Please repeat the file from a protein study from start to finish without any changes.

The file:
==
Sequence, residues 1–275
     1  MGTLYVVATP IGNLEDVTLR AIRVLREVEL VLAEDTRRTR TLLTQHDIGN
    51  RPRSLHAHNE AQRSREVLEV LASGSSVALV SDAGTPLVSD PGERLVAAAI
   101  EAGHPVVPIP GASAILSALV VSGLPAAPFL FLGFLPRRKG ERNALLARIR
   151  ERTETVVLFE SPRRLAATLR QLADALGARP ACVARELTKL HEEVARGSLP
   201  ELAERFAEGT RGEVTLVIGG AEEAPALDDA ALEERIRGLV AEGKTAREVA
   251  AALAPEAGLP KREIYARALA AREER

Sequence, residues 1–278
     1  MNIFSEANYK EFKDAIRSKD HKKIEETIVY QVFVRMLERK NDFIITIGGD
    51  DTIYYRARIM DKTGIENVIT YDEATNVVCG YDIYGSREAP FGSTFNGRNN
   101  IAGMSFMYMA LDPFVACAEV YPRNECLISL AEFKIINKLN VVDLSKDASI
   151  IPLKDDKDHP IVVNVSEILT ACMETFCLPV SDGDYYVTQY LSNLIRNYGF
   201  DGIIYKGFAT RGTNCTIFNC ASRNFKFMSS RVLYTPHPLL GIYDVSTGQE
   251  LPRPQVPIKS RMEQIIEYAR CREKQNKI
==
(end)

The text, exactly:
Sequence, residues 1–275
     1  MGTLYVVATP IGNLEDVTLR AIRVLREVEL VLAEDTRRTR TLLTQHDIGN
    51  RPRSLHAHNE AQRSREVLEV LASGSSVALV SDAGTPLVSD PGERLVAAAI
   101  EAGHPVVPIP GASAILSALV VSGLPAAPFL FLGFLPRRKG ERNALLARIR
   151  ERTETVVLFE SPRRLAATLR QLADALGARP ACVARELTKL HEEVARGSLP
   201  ELAERFAEGT RGEVTLVIGG AEEAPALDDA ALEERIRGLV AEGKTAREVA
   251  AALAPEAGLP KREIYARALA AREER

Sequence, residues 1–278
     1  MNIFSEANYK EFKDAIRSKD HKKIEETIVY QVFVRMLERK NDFIITIGGD
    51  DTIYYRARIM DKTGIENVIT YDEATNVVCG YDIYGSREAP FGSTFNGRNN
   101  IAGMSFMYMA LDPFVACAEV YPRNECLISL AEFKIINKLN VVDLSKDASI
   151  IPLKDDKDHP IVVNVSEILT ACMETFCLPV SDGDYYVTQY LSNLIRNYGF
   201  DGIIYKGFAT RGTNCTIFNC ASRNFKFMSS RVLYTPHPLL GIYDVSTGQE
   251  LPRPQVPIKS RMEQIIEYAR CREKQNKI